Ken Paxton's Forever War Against The Transgender Community Opens New Fronts

Ken Paxton at the RNC.
Ken Paxton at the RNC.
@KenPaxtonTX

Texas Attorney General Ken Paxton is not going to quit fighting against Texas' transgender community.

Tuesday, Paxton filed a lawsuit on behalf of the Franciscan Alliance, a religious hospital network, against the Obama administration and the U.S. Department of Health and Human Services in an attempt to block HHS from defining sex within the Affordable Care Act. The suit is Paxton's 13th against the Obama administration since taking office in January 2015.

Paxton is concerned that the new federal regulation will force doctors to "violate not only their medical judgment, but their deeply held religious beliefs," because he believes the regulations could force doctors to perform gender transition procedures against their will.

"Last month, the U.S. Department of Health and Human Services implemented a new rule “interpreting” the definition of “sex” within the Affordable Care Act. As the Obama Administration has attempted to do in other instances, this new rule interprets “sex” as a state of mind, not a biological fact, Paxton said in a statement. "The Obama Administration is now trying to redefine the law so that the term “sex” means one’s “internal sense of gender which may be male, female, neither, or a combination of male and female.” But the President does not have the power to rewrite law."

The new regulation says doctors can claim exemptions from its provisions under the federal Religious Freedom Restoration Act, but Paxton and the four states joining him in the lawsuit believes the protections don't go far enough.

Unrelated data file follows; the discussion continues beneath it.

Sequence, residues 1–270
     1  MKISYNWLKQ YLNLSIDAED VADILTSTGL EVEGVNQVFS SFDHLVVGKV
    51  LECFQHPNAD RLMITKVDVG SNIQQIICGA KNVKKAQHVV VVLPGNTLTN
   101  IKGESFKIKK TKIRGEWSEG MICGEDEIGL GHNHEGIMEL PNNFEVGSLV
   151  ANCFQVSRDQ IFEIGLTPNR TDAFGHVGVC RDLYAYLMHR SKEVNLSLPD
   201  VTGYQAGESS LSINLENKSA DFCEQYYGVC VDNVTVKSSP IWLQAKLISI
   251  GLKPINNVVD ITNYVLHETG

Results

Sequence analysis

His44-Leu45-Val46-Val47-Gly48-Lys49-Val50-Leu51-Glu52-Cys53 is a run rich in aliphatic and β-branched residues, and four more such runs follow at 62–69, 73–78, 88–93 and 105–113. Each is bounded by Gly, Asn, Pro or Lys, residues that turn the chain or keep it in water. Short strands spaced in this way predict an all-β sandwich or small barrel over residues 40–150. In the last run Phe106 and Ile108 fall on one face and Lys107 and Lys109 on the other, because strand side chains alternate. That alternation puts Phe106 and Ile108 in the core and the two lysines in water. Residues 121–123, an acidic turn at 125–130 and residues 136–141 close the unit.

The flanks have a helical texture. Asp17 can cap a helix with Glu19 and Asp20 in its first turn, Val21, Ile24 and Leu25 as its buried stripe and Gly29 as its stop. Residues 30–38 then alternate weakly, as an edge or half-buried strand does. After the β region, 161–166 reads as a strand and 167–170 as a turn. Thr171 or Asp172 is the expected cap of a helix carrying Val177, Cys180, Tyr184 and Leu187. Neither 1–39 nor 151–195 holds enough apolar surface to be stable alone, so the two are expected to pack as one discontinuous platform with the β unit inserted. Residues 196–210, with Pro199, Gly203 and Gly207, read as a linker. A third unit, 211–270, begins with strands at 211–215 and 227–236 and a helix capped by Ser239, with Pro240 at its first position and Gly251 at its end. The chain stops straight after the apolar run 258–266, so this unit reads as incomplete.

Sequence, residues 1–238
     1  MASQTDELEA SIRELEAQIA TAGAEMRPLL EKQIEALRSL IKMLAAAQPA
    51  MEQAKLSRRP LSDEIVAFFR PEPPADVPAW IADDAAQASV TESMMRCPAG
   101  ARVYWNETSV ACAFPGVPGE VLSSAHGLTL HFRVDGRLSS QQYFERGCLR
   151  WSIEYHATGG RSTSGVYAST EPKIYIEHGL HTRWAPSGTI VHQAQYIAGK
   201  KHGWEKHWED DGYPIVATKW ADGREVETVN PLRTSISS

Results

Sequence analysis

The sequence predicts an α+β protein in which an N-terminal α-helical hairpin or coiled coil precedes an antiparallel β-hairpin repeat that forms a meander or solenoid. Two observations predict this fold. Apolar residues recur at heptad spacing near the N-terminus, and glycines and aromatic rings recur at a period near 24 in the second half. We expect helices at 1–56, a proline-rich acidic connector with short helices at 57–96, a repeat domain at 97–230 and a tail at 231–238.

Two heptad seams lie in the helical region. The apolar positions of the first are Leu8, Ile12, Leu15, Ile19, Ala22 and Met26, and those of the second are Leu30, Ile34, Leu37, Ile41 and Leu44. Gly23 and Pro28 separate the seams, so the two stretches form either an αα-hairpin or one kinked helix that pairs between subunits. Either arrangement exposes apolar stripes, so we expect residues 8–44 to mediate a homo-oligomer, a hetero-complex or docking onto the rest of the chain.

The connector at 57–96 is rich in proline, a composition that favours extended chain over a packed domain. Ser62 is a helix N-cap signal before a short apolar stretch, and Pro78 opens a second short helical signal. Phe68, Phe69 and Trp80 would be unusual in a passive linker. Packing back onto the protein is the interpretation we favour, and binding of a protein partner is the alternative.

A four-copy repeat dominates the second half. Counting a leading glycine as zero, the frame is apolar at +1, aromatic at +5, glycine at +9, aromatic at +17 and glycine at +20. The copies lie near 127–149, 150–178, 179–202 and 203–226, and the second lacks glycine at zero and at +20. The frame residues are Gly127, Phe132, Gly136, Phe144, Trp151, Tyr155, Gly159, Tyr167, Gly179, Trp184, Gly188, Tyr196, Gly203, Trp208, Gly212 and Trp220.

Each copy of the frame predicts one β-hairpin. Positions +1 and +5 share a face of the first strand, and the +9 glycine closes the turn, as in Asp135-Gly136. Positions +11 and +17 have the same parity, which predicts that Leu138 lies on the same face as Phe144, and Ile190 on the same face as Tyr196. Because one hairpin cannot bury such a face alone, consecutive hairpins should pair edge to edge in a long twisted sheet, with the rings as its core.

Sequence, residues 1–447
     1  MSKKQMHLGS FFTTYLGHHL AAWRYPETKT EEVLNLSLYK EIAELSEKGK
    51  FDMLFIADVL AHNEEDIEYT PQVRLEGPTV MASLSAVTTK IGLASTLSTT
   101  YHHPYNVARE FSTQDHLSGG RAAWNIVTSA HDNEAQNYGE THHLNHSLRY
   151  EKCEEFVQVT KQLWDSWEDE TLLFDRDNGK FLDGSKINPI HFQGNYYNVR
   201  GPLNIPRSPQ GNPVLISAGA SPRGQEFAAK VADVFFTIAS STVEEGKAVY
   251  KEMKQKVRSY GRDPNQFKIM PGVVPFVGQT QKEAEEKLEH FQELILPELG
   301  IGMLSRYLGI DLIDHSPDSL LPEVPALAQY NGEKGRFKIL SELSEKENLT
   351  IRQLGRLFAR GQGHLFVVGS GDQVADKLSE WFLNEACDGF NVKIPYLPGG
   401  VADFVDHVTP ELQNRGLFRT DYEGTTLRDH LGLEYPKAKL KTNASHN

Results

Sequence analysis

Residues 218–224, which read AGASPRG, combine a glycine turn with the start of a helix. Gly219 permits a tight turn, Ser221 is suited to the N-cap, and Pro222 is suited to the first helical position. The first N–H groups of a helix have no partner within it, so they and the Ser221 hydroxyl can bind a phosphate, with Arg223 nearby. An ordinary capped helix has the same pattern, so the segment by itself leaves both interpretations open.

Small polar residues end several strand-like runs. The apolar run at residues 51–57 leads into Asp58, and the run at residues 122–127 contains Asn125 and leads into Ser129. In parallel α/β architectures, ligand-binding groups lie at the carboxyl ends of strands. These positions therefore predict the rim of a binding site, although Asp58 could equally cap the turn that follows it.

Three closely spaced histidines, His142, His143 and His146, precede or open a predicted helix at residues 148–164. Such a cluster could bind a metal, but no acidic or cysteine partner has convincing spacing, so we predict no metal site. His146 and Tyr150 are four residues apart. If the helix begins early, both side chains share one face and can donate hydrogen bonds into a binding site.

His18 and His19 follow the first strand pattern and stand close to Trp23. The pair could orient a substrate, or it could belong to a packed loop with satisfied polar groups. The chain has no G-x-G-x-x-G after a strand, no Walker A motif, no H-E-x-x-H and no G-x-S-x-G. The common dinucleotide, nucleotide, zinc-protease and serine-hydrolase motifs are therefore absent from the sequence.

"I am disappointed in the Obama Administration’s lack of consideration for medical professionals who believe that engaging in such procedures or treatment violates their Hippocratic Oath, their conscience, or their personal religious beliefs, which are protected by the Constitution and federal law," Paxton said.

The suit was assigned to U.S. District Judge Reed O'Connor. On Monday, O'Connor sided with Paxton in a separate transgender-rights case, issuing a temporary injunction against a federal directive that would've required all schools receiving Department of Education cash to allow transgender kids to use the restroom in which they felt the most comfortable.

Chuck Smith, the CEO of Equality Texas, accused the attorney general of "seeking to deny transgender people access to competent medical care."

"The attorney general needs to stop this assault against an already marginalized population and stop wasting taxpayer money," Smith said in a statement.

On a less litigious note, Paxton's office confirmed Tuesday that the attorney general had accepted an invitation to share a meal with Denton's Amber Briggle and her son MG, who is transgender. Paxton's twin lawsuits should make for interesting dinner conversation.


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